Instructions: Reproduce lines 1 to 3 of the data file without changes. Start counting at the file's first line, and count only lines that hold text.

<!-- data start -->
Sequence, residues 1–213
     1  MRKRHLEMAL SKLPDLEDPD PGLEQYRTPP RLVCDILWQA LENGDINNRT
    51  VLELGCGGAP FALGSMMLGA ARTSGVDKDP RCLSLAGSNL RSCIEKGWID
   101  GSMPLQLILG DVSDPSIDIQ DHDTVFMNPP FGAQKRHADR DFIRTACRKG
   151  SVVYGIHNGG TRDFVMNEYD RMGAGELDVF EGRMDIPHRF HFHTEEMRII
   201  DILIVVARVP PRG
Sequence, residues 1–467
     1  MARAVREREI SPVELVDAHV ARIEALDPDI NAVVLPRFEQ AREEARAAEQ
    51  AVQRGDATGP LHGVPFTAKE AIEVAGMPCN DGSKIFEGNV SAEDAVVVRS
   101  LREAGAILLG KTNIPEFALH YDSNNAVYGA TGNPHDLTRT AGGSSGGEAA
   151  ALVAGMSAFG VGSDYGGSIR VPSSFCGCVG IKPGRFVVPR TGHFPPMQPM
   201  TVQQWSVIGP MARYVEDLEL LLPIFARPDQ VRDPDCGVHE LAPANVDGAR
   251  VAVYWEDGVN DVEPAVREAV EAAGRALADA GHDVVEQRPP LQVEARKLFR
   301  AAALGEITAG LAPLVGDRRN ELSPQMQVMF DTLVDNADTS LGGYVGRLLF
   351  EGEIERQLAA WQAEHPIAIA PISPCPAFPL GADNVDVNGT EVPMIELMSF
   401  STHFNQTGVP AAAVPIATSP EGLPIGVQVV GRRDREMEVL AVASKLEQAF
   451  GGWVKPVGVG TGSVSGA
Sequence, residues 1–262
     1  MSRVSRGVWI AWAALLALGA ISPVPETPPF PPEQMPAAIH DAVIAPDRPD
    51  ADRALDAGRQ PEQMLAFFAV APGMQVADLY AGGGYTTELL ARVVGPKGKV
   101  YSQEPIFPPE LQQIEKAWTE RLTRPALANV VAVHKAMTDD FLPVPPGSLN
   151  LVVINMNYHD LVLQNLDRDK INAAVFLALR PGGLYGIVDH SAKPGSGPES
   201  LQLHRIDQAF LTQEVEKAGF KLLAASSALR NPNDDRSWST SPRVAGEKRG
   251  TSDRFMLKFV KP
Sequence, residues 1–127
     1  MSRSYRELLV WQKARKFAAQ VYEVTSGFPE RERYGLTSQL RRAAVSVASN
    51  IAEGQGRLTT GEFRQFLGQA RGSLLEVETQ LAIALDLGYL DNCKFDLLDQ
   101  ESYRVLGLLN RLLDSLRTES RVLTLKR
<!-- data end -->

Sequence, residues 1–213
     1  MRKRHLEMAL SKLPDLEDPD PGLEQYRTPP RLVCDILWQA LENGDINNRT
    51  VLELGCGGAP FALGSMMLGA ARTSGVDKDP RCLSLAGSNL RSCIEKGWID